The Gnome-Mobile

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The Gnome-Mobile
The Gnome-Mobile.jpg
Original window card, 1967
Directed by Robert Stevenson
Arthur J. Vitarelli
Produced by James Algar
Walt Disney
Written by Ellis Kadison
Starring Walter Brennan
Tom Lowell
Matthew Garber
Karen Dotrice
Ed Wynn
Richard Deacon
Sean McClory
Music by Buddy Baker
Cinematography Edward Colman
Editing by Norman R. Palmer
Studio Walt Disney Productions
Distributed by Buena Vista Distribution
Release dates July 19, 1967
Running time 84 minutes
Country United States
Language English
Box office $4,000,000 (US/ Canada)[1]

The Gnome-Mobile is a 1967 Disney musical film, directed by Robert Stevenson. It was one of the last films personally produced by Walt Disney.[2] It was based on a 1936 book by Upton Sinclair titled The Gnomobile.

Walter Brennan gives a double performance as D.J. Mulrooney, the kind-hearted lumber tycoon of Irish descent; and as the irascible 943 year-old gnome Knobby. The children, Elizabeth and Rodney, were played by Karen Dotrice and Matthew Garber, familiar from their roles as Jane and Michael Banks in Mary Poppins. Tom Lowell who plays the young gnome Jasper in this movie, also appeared in the 1965 Disney film That Darn Cat! as Canoe, the befuddled surfer boyfriend of Hayley Mills. The Gnome-Mobile was both Matthew Garber and Ed Wynn's last movie, as Wynn died before the movie was released and Garber died ten years later, having contracted hepatitis while visiting India.

Cast and characters[edit]

Plot summary[edit]

The story opens with the children's grandfather, D.J. Mulrooney (Walter Brennan), a well-known executive officer of a vast timber-trading company. D.J. is an eccentric and passionate man with a distinctive snore, as well as vast dedication and determination. D.J. is going to Seattle to sell 50,000 acres of timberland. D.J. takes his personal, customized 1930 Rolls-Royce Phantom II on the trip. In a brief conversation with his Company Head of Security, Ralph Yarby (Richard Deacon), we learn that the car was purchased after D.J. earned his first US$1 million. His first stop is The Airport where he picks up his grandchildren Elizabeth (Karen Dotrice) and Rodney (Matthew Garber) who are to accompany D.J. on his trip to Seattle. The children ask about the Rolls, to them an unusual car, and D.J. compares the Rolls with his first car back in Ireland, a one horsepower "Jaunty Car".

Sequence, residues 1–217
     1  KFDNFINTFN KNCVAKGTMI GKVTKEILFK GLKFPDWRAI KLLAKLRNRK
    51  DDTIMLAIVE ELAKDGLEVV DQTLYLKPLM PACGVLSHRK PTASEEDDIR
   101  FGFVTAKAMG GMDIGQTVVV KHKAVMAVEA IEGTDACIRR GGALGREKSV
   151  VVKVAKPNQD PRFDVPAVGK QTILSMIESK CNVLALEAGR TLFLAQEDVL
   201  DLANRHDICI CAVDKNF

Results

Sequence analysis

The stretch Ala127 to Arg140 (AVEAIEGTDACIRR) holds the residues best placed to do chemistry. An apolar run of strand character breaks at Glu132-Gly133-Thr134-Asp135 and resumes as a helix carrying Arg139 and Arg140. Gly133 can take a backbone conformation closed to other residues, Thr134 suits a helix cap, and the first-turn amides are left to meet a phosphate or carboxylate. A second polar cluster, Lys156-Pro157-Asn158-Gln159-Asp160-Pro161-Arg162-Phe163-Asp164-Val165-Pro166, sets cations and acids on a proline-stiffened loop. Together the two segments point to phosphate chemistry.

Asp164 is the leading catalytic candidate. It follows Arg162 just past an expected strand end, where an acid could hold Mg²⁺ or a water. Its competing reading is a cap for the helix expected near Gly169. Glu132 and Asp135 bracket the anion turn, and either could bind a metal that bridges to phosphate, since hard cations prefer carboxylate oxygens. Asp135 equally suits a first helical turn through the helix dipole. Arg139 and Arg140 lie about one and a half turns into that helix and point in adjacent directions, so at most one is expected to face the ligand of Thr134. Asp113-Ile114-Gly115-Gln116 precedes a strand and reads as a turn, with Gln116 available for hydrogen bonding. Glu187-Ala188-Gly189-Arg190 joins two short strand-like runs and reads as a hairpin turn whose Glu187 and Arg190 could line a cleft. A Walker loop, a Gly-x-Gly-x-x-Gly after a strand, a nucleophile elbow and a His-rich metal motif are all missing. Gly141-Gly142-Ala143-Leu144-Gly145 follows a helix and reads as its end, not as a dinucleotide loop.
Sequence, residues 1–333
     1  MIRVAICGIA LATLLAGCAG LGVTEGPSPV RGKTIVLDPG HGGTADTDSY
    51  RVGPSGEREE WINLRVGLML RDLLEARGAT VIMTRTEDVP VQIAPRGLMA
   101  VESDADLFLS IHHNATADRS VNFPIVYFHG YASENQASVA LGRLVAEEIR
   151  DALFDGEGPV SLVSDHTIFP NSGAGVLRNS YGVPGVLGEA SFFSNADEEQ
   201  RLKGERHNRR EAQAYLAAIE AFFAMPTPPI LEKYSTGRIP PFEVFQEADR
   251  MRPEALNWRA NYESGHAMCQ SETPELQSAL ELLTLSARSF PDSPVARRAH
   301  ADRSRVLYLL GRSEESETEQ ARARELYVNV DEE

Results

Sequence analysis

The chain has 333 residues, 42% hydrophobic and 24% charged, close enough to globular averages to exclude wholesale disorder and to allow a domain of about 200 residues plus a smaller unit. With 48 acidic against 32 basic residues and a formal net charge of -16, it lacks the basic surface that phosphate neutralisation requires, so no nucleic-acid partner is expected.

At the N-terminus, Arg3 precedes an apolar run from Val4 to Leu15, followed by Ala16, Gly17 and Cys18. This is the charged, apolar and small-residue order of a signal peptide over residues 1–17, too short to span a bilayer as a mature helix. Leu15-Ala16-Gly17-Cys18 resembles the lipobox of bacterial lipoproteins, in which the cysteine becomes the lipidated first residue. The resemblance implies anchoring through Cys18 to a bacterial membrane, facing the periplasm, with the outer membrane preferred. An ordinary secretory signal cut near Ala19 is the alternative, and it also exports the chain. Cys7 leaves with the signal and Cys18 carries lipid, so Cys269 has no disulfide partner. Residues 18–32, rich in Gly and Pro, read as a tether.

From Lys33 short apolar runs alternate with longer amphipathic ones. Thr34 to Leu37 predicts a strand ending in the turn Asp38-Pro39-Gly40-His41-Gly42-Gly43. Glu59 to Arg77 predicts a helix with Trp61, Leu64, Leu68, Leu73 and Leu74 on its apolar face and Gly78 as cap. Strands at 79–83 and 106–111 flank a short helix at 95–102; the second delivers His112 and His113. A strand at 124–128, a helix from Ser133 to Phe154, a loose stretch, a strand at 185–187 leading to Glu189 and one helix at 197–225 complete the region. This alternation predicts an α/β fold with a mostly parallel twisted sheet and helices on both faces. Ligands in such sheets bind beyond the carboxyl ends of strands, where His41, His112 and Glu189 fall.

Traveling north from San Francisco the trio detour to Redwood National Park where D.J. has endowed a grove of Redwood trees. Elizabeth encounters a gnome called Jasper (Tom Lowell), who has "a terrible problem". Elizabeth, touched by the trusting gnome, agrees to help him with his problem. She brings to Jasper the one person that she believes is best at fixing problems, her grandfather D.J. D.J. believes in Leprechauns due to his Irish ancestry, but does not believe in Gnomes at this point and only reluctantly agrees to follow Elizabeth back to the spot where she met Jasper. When Jasper is not seen initially D.J. indicates his disbelief in Gnomes. Jasper is upset that D.J. is "making a fool of" Elizabeth and Jasper first calls out and then makes a reappearance. The three are introduced to Jasper's 943-year old grandfather Knobby (also played by Brennan) who, like D.J., is passionate and short-tempered. Jasper's "terrible problem" is that Knobby is suffering from a sickness called "fading", he is becoming semi-transparent. D.J. diagnoses this as Knobby's losing the will to live. The reason for this "fading" is that Knobby fears that Knobby and Jasper are the last two of their Gnome kind; and Knobby wants Jasper to find a bride before Knobby dies. Knobby harbors immense hatred for humans (which are referred to as "Doodeens") because of the human's logging damage to the forests and the livelihood of gnomes. D.J. Mulrooney is startled when Knobby exclaims that the worst loggers were "Mulrooney's Merauders". But the gnomes agree to go along with the trio and seek other gnomes because of Jasper's insistence. D.J. attempts to hide his name "Mulrooney" from the gnomes, perhaps due to embaresment at having his logging crew singled out, perhaps because he wants to make amends. As they leave together, the Rolls-Royce is affectionately renamed by the children "the Gnome-Mobile."